Review Summary: Accessible yet wildly chaotic, Option Paralysis delivers a diverse mix of aggressive surrealist music.1 of 5 thought this review was well written
This album is definitely loud & frenetic throughout most of its duration. Please, bid your welcome to DEP's latest offering, because it deserves a lot of welcome. Mind you, I'm not totally on-top of DEP's works, only the debut and this album, so I won't try to act like I know a whole lot about how each and every album works and all that. Anyways, enough of that, read on to what matters.
The seal-loving folks at DEP are pretty damn creative with their craft. They blend a chaotic mix of oddly timed mathcore (which the sub-sub-genre is all about) with ambient/electronica background effects, highly technical thrash metal, and whatever else they're willing to throw in. All of this allows for variety on the album, which is refreshing to say the least. You can hear it all in the opening track alone, "Farewell, Mona Lisa", which is a terrific opener I have to say. Greg Puciato knows how to handle his voice, and he's not afraid to try various styles. The new drummer is terrific, even though I'm not too familiar with previous drummer Sharone's style. He pummels the drums like he's had one too many cups of coffee. The guitarist and bassist are also quite crazy. That's all on the opening track.
The mathcore element kicks in full-time in the next track, Good Neighbor. Time signatures are all over the place, and it is a highly technical riff-fest. At the halfway point, the song takes on a groovy tone, with a somewhat Punk-rock touch. If anyone needed a rest from the previous song, this tune won't do that for them!"Gold Teeth On a Bum" slows things down quite a bit, and Greg sings more than he screams, especially during the choruses. The variety on the album should start becoming obvious to the listener at this point.
Fourth track in, and you'll be reminded of the second song right away. This happens to be the shortest on the album, but the tempo of the song reflects that. They also throw in The Daughters-esque riffs, which sound schizophrenic to say the least. Neat! Oh, and speaking of The Daughters-esque riffs, that's how "Endless Endings" opens itself up. The tempo didn't slow down at all, either. The guitarist has fun shredding it up in a thrash metal fashion, and Greg Puciato flexes his vocal muscle again.
Variety makes its mark in the next song, "Widower", which includes a classical piano! Greg shows at this point that he's a capable singer, with a very soft, and quiet tone. The Mike Patton influence kicks off when the piano element makes its exit, for the most part. There's a lot more ambiance to make for atmosphere, and not too much in the way of the guitars. Up to the end of the song, the pianos make a glorious return. This makes the song one of the best on the album, right up there with the opener.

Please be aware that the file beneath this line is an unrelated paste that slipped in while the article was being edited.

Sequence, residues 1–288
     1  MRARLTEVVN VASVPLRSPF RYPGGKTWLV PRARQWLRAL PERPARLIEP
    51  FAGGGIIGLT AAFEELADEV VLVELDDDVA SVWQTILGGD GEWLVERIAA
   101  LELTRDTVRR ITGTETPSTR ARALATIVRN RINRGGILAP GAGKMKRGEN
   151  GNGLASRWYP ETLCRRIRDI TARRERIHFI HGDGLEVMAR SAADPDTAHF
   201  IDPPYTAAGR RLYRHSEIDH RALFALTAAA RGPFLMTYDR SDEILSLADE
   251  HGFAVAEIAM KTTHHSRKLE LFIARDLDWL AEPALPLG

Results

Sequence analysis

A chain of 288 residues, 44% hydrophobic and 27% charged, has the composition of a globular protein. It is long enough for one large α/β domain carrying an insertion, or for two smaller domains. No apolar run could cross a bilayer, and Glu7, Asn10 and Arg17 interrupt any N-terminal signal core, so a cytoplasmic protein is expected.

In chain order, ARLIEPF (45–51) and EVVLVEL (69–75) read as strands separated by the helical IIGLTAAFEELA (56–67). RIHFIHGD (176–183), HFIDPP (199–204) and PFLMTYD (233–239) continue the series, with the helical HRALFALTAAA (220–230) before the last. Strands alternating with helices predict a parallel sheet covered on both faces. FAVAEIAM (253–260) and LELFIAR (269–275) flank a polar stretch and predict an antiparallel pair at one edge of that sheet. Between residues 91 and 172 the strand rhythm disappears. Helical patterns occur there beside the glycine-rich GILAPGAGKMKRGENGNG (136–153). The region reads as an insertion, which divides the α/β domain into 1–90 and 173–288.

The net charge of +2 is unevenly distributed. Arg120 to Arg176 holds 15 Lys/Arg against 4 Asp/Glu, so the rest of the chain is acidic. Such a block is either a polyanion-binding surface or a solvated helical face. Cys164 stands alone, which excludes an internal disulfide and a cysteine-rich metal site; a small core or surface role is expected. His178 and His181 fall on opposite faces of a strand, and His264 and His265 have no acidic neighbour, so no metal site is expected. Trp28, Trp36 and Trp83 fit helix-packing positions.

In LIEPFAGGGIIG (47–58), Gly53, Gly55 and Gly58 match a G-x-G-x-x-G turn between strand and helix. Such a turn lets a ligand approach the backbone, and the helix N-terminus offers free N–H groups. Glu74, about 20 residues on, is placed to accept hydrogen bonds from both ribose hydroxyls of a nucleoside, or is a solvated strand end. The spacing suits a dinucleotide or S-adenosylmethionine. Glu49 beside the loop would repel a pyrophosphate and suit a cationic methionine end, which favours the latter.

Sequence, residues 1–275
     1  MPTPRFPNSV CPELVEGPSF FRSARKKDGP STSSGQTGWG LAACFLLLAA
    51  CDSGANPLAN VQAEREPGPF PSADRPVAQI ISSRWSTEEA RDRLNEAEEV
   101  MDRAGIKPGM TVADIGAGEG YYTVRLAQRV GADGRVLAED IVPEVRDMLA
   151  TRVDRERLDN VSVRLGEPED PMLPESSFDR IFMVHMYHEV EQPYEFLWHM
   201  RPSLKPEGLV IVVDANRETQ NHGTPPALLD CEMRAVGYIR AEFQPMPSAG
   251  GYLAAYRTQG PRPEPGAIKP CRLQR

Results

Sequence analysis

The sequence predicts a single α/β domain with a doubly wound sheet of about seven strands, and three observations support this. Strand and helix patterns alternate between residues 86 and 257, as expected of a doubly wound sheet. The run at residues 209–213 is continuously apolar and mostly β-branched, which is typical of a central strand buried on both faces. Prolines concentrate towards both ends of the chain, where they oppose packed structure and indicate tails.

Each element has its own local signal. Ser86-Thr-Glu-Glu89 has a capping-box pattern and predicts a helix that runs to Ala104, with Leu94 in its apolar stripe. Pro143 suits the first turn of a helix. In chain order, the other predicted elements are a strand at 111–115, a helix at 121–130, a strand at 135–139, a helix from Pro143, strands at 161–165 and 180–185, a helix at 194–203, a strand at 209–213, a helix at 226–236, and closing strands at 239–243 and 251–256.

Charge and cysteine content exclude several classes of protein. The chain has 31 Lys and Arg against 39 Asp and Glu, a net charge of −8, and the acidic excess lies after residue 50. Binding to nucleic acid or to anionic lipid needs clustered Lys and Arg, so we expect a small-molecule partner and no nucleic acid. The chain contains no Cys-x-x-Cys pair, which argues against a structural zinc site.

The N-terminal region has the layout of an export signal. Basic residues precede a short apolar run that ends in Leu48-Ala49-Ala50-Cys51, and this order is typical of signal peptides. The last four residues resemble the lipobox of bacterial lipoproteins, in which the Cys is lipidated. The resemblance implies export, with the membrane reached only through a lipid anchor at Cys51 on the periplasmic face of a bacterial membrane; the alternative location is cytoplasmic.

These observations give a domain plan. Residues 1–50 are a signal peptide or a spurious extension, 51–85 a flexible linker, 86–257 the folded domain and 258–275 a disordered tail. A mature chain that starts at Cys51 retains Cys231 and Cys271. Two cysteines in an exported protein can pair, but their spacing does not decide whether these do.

Mathcore and Doom metal are the flavor of the day on "Room Full of Eyes", where the tempo and technicality jump all over the place. Also, Greg tries another vocal style on this track. When will he stop? No one should ask him to stop, though, he knows how to keep the listener intrigued.
Some more ambiance leads us into the next track. The beat in the song is more stable, less frantic. There doesn't seem to be any chorus in the song, but that doesn't mean that Puciato doesn't try his hand at interesting singing. Then comes the Mathcore element again. The drummer was probably told to lose his inhibitions for "I Wouldn't If You Didn't." It's a very technical song, and everyone seems to have a great time in it.
Normally the closing track for those who own the regular edition of the album, "Parasitic Twins" makes use of the band's electronic influences to be an effective closer. Plus, Puciato sings on pretty much the entire track, especially during the piano parts. Plus, the guitarist tosses in an old-style guitar solo to lead us into the end.
For those of us, including myself, who have the digipak edition, the additional track is an electronica-laden and shortened remix of the song "Widower." It's a little creepy in parts, and even seems to include a light vocal orchestra.
There you have "Option Paralysis", a solid album from a solid Mathcore outfit. I've seen them described as "the Band of Spastic Retards", possibly because they go all over the place in terms of song tempo. That somewhat rough description is fitting, and the band seems to embrace it gleefully.